Ruffled-Front Shirt

50 Years of James Bond: The Auction

Christie’s has just released the catalogue of their upcoming James Bond auction on 5 October 2012. There are items from Timothy Dalton’s, Pierce Brosnan’s and Daniel Craig’s Bond wardrobes, including items from Skyfall, plus much more. Click here to see the catalogue online. All proceeds of the auction will benefit charitable causes.

Lazenby in Black Tie

George Lazenby Dinner Suit

September 5th was George Lazenby’s 73rd birthday. In honour of that let’s look Lazenby’s peak-lapel dinner suit by Dimi Major. The dark, single-breasted, peak-lapel dinner suit is Lindy Hemming’s preference for Bond, and that’s what she always dressed Pierce Brosnan and Daniel Craig in for the five films she worked on. But before GoldenEye, On Her Majesty’s Secret Service was the only time Bond wore this style. Otherwise, his peak-lapel had all either been double-breasted or white, or both. Lazenby’s dinner suit is probably midnight blue, and that’s practically confirmed by the dinner jacket’s dark blue lining. The dinner jacket naturally buttons one, and it has a clean chest and soft shoulders and is fitted through the waist. It is cut a bit short, following late 60’s trends. The jacket is detailed with double vents, three buttons on the cuffs and jetted pockets. The trousers have a darted front, a black satin stripe down each leg, button side-adjusters and a lower-than-traditional rise. The overall cut of this dinner suit is very similar to what Daniel Craig will be wearing in Skyfall, though none of the fashionable aspects are taken to the extreme. The jacket is closely fitted without being so tight that is creases. The jacket is shorter to lengthen the legs, but not so short as to draw attention. And the trousers have a lower rise, but not so low that the shirt is exposed below the jacket’s button. Lazenby’s dinner suit is tastefully fashionable and would look just as fashionable today as it did 43 years ago.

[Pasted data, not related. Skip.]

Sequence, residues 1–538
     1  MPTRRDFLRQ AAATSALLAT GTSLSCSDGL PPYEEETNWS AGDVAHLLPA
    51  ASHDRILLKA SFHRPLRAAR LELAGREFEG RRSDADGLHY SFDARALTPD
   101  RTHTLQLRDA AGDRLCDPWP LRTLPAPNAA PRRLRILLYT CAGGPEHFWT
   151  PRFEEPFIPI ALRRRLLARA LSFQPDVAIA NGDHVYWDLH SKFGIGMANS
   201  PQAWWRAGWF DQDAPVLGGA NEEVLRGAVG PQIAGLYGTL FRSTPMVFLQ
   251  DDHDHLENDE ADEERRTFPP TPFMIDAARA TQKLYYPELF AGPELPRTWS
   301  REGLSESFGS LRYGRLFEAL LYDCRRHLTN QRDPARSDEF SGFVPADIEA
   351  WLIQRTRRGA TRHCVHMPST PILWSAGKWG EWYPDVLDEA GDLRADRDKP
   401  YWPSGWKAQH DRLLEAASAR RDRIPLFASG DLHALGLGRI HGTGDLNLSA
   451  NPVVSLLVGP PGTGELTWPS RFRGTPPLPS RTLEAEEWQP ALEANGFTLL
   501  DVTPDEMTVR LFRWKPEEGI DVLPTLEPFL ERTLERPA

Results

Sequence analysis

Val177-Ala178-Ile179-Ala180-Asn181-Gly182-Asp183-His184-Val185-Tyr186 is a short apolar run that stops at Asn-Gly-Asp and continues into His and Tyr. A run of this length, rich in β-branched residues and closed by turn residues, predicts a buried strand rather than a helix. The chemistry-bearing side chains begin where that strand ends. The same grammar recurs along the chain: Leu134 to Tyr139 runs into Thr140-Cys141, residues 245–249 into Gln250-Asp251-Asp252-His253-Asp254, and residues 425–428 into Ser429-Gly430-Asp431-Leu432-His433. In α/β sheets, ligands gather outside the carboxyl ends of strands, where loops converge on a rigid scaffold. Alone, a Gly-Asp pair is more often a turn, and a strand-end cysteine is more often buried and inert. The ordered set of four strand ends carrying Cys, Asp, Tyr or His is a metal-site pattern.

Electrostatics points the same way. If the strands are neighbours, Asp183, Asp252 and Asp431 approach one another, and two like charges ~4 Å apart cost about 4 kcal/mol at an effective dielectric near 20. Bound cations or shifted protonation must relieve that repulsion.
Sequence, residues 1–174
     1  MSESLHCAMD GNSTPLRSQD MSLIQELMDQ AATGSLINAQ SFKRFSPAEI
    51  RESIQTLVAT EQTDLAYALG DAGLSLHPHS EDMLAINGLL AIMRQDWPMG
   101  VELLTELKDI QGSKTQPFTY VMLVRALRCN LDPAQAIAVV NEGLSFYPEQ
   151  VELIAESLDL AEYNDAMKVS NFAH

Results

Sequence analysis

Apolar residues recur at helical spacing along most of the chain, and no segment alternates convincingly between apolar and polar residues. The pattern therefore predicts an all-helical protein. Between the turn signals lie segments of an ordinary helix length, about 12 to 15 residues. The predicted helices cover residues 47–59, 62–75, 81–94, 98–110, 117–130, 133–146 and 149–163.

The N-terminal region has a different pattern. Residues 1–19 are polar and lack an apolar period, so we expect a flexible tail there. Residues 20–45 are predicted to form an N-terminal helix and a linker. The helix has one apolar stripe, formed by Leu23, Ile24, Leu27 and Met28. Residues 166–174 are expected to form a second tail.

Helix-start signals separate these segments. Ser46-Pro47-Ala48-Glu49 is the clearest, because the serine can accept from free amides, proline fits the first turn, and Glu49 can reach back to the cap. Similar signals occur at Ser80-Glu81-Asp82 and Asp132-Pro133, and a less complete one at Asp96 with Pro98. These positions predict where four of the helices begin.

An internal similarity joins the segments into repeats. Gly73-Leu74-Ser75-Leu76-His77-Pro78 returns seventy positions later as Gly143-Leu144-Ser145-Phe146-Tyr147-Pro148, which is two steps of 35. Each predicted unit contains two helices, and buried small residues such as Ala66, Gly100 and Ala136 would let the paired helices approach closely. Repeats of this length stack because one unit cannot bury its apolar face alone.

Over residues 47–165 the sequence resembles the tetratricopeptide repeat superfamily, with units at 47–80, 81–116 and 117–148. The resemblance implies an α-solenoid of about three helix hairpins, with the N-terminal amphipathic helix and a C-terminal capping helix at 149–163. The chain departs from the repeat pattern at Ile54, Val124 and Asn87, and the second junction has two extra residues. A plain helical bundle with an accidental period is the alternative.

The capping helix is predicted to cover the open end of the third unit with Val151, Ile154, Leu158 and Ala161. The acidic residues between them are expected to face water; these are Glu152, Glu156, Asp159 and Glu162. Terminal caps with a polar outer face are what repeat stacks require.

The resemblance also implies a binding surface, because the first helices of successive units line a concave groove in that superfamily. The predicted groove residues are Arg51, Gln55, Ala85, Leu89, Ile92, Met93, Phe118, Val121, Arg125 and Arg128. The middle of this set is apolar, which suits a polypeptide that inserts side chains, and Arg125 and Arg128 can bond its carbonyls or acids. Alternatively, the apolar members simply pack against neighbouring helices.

George Lazenby Dinner Suit

Lazenby wears the dinner suit three times in the film, with at least two different ruffled-front shirts from Frank Foster. I’ll discuss the shirts in more detail later. He wears a black satin silk thistle-shaped bow tie that matches the lapels. That’s probably done more for the filming and less for the character. He follows Connery’s tradition of not wearing a waist-covering. When we first see Lazenby, he is wearing a black trilby with his dinner suit, a slightly informal hat for black tie.

George Lazenby Dinner Suit

Light Grey Suit in Las Vegas in Diamonds Are Forever

Diamonds Are Forever Grey Suit

Apart from the wider lapels and pocket flaps, and the removal of trouser pleats, little has changed in Sean Connery’s clothes from Dr. No to Diamonds Are Forever nine years later. Even the cloths have stayed the same, like the light grey tropical worsted wool. The cool tone of grey doesn’t blend in as well with the Las Vegas desert as Connery’s more casual cream linen suit later in the film does. Grey has a more formal look than the cream linen suit does, which looks more appropriate for the setting. But light grey is dull enough to not stand out in the pale desert.

Diamonds Are Forever Grey Suit

This button two suit cut by Anthony Sinclair has natural shoulders, roped sleeveheads and a cleaner chest than what Sinclair made in the 1960s. The pockets are slanted with flaps, there are four buttons on the cuffs and there are deep double vents at the back. The trousers have a darted front and button-tab side adjusters.

Turnbull & Asser Ribbed TieConnery wears a cream poplin Turnbull & Asser shirt with a spread collar and two-button cocktail cuffs. The black tie is from Turnbull & Asser as well and has a ribbed weave, with ribs of varying widths. Like the grenadine ties that Connery most often wears, this tie is also solid and still has plenty of surface interest. Roger Moore wore the same tie in different colours in The Persuaders. See my navy version of the tie to the left to see a close-up picture of the tie’s ribbed pattern. My tie is 4 3/8 inches wide, probably a similar width to Connery’s tie. He wears black socks and black three-eyelet derby brogues, except when on the bike he is seen wearing dark brown suede monk-strap ankle boots.

Read more about this suit in a comparison with the light grey suit Connery wears in Dr. No.